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Edmondson v. Commonwealth

Supreme Court of Kentucky

August 24, 2017

PHILLIP EDMONDSON APPELLANT
v.
COMMONWEALTH OF KENTUCKY APPELLEE

         ON REVIEW FROM COURT OF APPEALS CASE NO. 2015-CA-001198-MR UNION CIRCUIT COURT NO. 14-CR-00032

          COUNSEL FOR APPELLANT: Dax Ryan Womack WOMACK LAW OFFICE, LLC

          COUNSEL FOR APPELLEE: Andy Beshear Attorney General of Kentucky Leilani K.M. Martin Assistant Attorney General

          OPINION

          CUNNINGHAM JUSTICE.

         On the evening of January 11, 2014, eleven-year-old Jessica[1] went to the Sturgis Youth Center in Union County, Kentucky. Jessica was there with her mother, who was facilitating the Youth Center's concession stand. While Jessica and another child were playing air hockey, Appellant, Phillip Edmondson, offered a dollar to Jessica if she could score a goal. Jessica scored four separate goals during the game. Each time Appellant paid her the reward, he grabbed her buttocks. Later in the evening, Appellant grabbed Jessica's buttocks once more when saying goodbye. Unable to verbally communicate the prior events, Jessica created a written note on her cell phone describing Appellant's inappropriate touching. Jessica then showed the note to her friend while the two were still at the Youth Center. Jessica's friend told her mother about the note, who in turn told Jessica's mother. At that time, Jessica's mother contacted law enforcement. A video from the Youth Center was collected and, according to law enforcement, [2] corroborated Jessica's claims.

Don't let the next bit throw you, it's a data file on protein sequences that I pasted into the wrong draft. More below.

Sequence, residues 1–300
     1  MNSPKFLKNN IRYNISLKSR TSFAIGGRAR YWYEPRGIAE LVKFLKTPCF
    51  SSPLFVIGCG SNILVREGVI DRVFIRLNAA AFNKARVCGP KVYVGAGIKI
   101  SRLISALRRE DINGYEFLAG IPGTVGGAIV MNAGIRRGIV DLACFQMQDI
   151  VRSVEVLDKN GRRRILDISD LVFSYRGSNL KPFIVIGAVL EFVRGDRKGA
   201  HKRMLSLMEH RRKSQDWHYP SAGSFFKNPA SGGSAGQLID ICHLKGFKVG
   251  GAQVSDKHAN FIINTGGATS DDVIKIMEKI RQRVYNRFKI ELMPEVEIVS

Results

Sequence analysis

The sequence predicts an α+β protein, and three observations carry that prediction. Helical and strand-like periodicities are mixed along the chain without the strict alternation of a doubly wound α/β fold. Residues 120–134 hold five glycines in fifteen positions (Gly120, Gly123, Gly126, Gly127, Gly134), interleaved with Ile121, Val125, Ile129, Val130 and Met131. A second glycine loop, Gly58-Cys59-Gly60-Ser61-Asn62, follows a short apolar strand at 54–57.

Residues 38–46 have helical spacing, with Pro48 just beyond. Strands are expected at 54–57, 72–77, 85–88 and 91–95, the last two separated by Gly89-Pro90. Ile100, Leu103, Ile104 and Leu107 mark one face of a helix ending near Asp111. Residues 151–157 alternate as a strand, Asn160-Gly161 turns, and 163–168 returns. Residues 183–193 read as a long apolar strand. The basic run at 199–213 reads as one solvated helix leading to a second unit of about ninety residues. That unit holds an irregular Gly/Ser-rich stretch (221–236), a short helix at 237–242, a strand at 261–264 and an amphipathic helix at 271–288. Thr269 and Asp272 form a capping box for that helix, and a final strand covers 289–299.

Appellant was subsequently indicted by a Union Circuit Court grand jury on a single count of first-degree sexual abuse. On June 22, 2015, Appellant was convicted of the crime charged. In conformity with the jury's recommendation, Appellant was sentenced to six years' imprisonment. Soon thereafter, Appellant filed a motion for a new trial pursuant to Kentucky Rule of Criminal Procedure ("RCr") 10.02, which the trial court denied. On July 22, 2016, the Court of Appeals affirmed the trial court's judgment and sentence. Appellant's appeal now reaches this Court by way of discretionary review.